A league of his own

IT IS CLEAR from the warm welcome we receive, even on a busy Saturday night, that the Franco Agostino machine is running smoothly despite being open only a few weeks. From the man responsible for Caffé Doria, Banfi and Il Posto Nuovo, it is not surprising. Timing is precise and the aura is warm.

The menu fits on one page but is wisely supplemented by many specials in every category. This clear dedication to offering only that which is fresh instills confidence in us.

Carpaccio is a fine opening act, as barely seared translucent slices of tenderloin are fetchingly fanned across the plate and glisten with the reflection of purest extra virgin olive oil.

Beneath a mound of peppery arugula sits a smaller pile of Parmesan shavings ($12). Brodetto di vongole e gamberi keeps the hits rolling. Two steamed gulf shrimp and a halfdozen delicate mahogany clams arrive in a pool of broth enlivened by chilies and fresh basil.

Although this reads like a Thai rendition, it is pure Italian and piques my appetite for what is to follow ($12).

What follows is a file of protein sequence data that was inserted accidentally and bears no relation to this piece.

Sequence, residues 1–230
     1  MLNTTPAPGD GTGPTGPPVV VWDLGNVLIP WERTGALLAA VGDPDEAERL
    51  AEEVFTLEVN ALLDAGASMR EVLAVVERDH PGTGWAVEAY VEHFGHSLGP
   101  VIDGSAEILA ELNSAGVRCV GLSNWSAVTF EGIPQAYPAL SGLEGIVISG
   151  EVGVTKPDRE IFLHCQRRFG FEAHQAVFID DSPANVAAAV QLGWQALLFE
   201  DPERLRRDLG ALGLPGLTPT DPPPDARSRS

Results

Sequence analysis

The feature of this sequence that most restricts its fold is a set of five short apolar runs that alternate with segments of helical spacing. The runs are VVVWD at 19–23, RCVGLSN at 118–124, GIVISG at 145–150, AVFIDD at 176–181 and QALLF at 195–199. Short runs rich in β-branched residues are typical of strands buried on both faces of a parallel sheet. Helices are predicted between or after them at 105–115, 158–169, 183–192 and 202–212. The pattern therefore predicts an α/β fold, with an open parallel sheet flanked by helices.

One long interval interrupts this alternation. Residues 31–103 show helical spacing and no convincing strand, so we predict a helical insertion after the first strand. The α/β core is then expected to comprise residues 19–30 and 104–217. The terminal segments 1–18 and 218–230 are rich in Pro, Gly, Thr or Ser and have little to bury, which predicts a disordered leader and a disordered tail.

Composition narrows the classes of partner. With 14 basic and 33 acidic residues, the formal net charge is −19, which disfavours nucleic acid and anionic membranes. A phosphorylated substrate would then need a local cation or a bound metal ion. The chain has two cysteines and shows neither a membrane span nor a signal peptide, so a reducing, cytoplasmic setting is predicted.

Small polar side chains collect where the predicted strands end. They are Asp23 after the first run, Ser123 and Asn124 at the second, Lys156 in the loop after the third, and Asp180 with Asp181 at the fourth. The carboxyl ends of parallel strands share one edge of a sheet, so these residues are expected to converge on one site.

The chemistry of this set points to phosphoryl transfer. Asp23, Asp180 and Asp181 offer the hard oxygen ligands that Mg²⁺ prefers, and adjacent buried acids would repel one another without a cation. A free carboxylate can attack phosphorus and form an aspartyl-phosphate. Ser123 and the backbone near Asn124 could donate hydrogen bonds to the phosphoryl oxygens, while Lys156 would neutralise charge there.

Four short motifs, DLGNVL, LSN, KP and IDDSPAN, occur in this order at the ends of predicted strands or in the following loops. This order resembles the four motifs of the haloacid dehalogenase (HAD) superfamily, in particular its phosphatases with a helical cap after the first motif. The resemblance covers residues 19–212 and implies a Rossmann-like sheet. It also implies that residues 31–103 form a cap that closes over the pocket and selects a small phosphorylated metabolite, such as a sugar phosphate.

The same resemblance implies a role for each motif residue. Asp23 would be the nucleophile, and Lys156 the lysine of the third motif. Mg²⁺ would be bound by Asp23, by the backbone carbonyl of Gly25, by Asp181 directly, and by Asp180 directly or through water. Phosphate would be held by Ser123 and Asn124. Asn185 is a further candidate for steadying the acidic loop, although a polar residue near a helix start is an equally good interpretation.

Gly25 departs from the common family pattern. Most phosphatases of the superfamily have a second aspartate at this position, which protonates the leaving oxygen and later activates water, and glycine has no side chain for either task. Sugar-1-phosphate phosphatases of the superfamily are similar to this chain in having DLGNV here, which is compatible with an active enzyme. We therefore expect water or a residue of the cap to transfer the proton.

2497 Yonge St.
Dinner for two excluding tax,
tip and alcohol:

Faraona grigliata, which is grilled guinea hen with prunes in vin santo and fava beans ($20), tempts. However, fettuccine al ragu bolognese wins. Slightly undercooked pasta is graced by the classic sauce, one which is often misperceived on this side of the Atlantic. Conditioning has taught us to expect a sea of red sauce with hamburger meat, but true ragu is much more subtle than that, and the kitchen at Agostino’s is well schooled. The tomato is minimal and the beef finely ground. In addition, this is smoother than is usual ($16).

However, seafood linguini is the true star of the evening. Coated in a light tomato sauce, the pasta is a bed for a generous offering of clams, mussels, shrimp and calamari. Impressively, the timing is precise, and no item is over or under cooked.

Piquancy is derived from roasted halves of grape tomatoes as well as a subtle but confident use of fresh herbs. ($17).

Desserts are not a major focus here. The list extends to tiramisù, crème caramel, ice cream and berries. We are assured by the elegant proprietor that the house tiramisù is the best in town.

Unfortunately, we find this version heavier than expected. It is clear to me that, save for the sweet course, I must return if only to try the guinea hen and fennel pollen. And, any ristorante that offers Amarone by the glass must not be overlooked.

Ratings are on a scale of one to five stars

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